This paper attempts to explain how, in Southeast Asia, the strong patron-client bonds which joined peasants to local elites tended to break down during the colonial period—particularly in directly-ruled low-land areas. By examining the effects of social differentiation, the commercialization of subsistence agriculture, and the growth of colonial administration on day-to-day class relations in the countryside, it is possible to show how a relationship the peasant once viewed as collaborative and legitimate came increasingly to be seen as one of simple, if unequal, bargaining or of outright exploitation.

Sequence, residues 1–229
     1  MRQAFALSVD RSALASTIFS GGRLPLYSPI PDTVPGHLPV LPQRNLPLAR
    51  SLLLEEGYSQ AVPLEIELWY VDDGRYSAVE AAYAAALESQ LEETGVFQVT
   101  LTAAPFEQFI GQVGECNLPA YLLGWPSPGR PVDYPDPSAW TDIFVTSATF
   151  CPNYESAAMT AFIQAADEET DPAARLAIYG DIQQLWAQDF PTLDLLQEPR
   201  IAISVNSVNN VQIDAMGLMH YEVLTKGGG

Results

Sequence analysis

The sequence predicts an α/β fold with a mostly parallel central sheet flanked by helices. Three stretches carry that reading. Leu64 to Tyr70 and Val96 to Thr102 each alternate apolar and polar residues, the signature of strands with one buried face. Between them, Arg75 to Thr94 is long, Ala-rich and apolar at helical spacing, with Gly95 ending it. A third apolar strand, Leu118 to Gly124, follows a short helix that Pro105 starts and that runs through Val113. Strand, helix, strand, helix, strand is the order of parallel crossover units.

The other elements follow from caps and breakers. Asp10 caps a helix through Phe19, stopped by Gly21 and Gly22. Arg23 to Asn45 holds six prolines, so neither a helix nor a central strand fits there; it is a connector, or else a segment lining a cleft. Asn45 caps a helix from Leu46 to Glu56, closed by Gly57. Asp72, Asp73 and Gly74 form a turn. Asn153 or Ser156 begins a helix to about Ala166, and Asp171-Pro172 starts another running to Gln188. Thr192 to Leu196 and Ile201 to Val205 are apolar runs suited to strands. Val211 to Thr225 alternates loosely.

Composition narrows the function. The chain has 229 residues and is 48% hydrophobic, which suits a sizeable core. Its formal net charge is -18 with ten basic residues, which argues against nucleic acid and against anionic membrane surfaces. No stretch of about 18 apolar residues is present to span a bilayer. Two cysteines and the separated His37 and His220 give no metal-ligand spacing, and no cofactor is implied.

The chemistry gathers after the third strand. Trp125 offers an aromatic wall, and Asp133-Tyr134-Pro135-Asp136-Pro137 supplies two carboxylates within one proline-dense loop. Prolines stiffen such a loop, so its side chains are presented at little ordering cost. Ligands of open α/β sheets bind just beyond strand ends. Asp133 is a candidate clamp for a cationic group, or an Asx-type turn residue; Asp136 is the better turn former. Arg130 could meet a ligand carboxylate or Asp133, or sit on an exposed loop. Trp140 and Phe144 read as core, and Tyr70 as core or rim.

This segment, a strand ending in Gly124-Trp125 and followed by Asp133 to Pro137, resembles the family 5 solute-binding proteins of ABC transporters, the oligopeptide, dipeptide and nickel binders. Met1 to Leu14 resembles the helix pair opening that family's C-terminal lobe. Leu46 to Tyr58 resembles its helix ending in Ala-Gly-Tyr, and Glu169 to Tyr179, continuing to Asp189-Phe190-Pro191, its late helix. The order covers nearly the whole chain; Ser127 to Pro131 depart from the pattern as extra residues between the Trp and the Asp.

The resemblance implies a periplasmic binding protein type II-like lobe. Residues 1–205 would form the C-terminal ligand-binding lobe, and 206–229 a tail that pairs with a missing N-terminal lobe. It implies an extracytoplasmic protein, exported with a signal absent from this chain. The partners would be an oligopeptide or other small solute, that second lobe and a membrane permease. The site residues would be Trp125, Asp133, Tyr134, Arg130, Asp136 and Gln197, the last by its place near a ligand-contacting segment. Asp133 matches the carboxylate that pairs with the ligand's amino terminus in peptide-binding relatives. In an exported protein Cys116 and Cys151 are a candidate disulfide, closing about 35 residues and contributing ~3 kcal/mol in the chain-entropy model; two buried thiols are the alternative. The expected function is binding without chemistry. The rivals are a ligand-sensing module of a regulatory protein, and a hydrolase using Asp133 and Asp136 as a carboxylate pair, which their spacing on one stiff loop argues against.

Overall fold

Patron-client relationships are seen as a pattern of exchange of goods and services in which the balance of exchange is related to the legitimacy of the relationship. In particular, physical security and subsistence insurance are minimal services the peasant anticipates in exchange for his deference. In the pre-colonial period the greater availability of alternative social mechanisms such as the kindred and village, the existence of unclaimed land, and the absence of strong outside backing of local powerholders served to provide minimal guarantees for clients, with the social and demographic impact of colonialism strengthened, the bargaining power of elites and moved the balances of reciprocity to their advantage the protective power and coverage of deference relations eroded. The result was a loss of legitimacy by agrarian elites.